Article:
HOA board members must also act prudently and reasonably, using sound business judgment and avoiding arbitrary or capricious actions. For example, you can't issue a fine against a homeowner for painting a home red just because you don't like that color if this is not a violation of association rules about house paint color.

HOA Board Members' Duty of Loyalty

The duty of loyalty requires that HOA board members act fairly, in good faith, in the interest of, and for the benefit of, the HOA as a whole, rather than making decisions based on any personal interest or gain.

HOA board members should also avoid acting where there is a conflict of interest. For example, a board member helping select landscapers for the property should not steer contracts for landscaping to family members. For example, a board member who owns a purple house should not participate in a board vote on whether or not to allow pink and purple homes in the development.

Additionally, an HOA board member must protect members' confidentiality and not divulge information provided in confidence. For example, suppose a homeowner confides in a board member about his impending home foreclosure to arrange a payment plan for HOA dues. In that case, the board member should not disclose the information to a friend or neighbor.

HOA Board Members' Duty to Act Within the Scope of Authority

This duty requires the HOA board to perform the tasks it's obligated to carry out but prohibits the board from making decisions or acting on matters without the authority to do so. The power of an HOA comes from its obligations under state laws and the authority granted to it in the development's governing documents.

To ensure you meet your obligations as a board member, you must know what duties are required. Review your state law and HOA's governing documents, specifically the articles of incorporation and bylaws, and your development's CC&Rs to determine the HOA's obligations and the extent of its authority.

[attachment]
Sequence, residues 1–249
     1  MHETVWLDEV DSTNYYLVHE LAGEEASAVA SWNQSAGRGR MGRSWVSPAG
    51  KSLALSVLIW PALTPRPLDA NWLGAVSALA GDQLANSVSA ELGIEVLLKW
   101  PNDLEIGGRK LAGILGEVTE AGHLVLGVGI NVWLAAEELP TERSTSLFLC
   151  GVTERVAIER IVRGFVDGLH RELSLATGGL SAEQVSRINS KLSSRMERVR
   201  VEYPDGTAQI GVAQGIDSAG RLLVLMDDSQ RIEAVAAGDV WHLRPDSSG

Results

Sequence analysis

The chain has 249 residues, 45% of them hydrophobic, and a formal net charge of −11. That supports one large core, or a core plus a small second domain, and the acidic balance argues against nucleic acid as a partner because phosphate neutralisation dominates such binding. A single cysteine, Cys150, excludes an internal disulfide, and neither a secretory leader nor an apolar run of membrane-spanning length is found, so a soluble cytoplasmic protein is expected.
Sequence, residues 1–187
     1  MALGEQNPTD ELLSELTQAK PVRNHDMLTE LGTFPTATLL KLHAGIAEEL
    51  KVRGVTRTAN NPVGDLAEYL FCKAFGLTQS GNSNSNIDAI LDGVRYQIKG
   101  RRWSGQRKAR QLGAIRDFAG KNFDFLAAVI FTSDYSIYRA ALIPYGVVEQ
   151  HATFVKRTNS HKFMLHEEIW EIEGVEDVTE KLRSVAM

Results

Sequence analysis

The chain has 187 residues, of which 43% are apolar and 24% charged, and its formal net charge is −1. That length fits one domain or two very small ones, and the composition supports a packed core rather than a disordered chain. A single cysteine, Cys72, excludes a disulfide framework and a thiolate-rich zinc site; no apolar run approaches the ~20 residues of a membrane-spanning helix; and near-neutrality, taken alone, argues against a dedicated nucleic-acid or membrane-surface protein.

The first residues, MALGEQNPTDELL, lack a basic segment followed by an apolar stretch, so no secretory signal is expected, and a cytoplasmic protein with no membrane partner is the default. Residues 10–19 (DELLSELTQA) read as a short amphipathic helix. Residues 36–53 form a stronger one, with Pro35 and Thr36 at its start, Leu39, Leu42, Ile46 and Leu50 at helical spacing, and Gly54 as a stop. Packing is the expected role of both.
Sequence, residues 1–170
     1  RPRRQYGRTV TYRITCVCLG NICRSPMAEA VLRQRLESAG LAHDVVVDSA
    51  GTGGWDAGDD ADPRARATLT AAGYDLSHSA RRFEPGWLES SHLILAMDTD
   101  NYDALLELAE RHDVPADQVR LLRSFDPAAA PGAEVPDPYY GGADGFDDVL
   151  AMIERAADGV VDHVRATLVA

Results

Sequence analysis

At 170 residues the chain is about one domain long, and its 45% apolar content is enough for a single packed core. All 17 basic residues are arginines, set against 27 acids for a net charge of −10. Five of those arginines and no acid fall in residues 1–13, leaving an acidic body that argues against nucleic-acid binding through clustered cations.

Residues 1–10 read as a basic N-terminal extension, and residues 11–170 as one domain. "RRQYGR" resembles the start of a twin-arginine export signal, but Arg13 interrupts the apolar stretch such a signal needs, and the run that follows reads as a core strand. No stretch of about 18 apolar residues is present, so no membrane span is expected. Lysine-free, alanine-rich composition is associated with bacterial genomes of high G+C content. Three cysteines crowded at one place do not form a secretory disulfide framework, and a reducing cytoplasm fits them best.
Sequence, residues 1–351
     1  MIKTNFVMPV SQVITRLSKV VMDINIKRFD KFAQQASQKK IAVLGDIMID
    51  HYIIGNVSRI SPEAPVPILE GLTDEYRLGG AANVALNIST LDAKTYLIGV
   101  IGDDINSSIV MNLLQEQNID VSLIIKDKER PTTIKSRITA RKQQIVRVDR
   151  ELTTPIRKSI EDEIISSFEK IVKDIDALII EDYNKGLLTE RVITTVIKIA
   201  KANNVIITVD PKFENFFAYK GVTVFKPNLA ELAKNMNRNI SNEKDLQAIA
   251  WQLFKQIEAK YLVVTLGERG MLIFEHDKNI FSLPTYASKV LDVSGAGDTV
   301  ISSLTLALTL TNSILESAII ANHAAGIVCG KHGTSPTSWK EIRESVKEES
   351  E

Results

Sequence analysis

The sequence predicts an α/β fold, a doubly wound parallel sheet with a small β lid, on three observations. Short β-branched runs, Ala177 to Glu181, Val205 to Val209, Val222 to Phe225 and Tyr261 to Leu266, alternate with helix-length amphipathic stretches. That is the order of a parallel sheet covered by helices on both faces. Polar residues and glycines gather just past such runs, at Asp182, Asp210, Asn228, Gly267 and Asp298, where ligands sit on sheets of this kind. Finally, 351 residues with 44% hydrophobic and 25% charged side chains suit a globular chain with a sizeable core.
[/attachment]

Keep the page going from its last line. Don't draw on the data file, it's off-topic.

For example, if the laws or governing documents do not grant your HOA board the authority to adopt new rules and regulations, any restrictions it adopts about house colors might be invalid.

HOA Board Member Protection from Personal Liability

Many HOA board members are understandably concerned about their liability for lawsuits. Unhappy homeowners can sue the HOA and the board members individually for several reasons; for example, if the HOA fails to maintain a common area properly or discriminates when enforcing a rule.

The best protection against liability as an HOA Board member is to take what you do seriously. You can avoid a breach of fiduciary duty by fully informing yourself before making decisions, ensuring you have the authority to act, and always acting in the best interests of the HOA.

In addition, some forms of protection from personal liability are available from your state law, your development's governing documents, and your HOA's D&O insurance.

HOA Insurance That Protects Board Members

Your HOA's insurance can also provide significant liability protection for board members. General liability insurance is not enough, however. Liability insurance protects the HOA from personal injury or property damage claims. Therefore, your HOA should have adequate Director's and Officer's (D&O) insurance to protect board members in claims for the breach of fiduciary duty.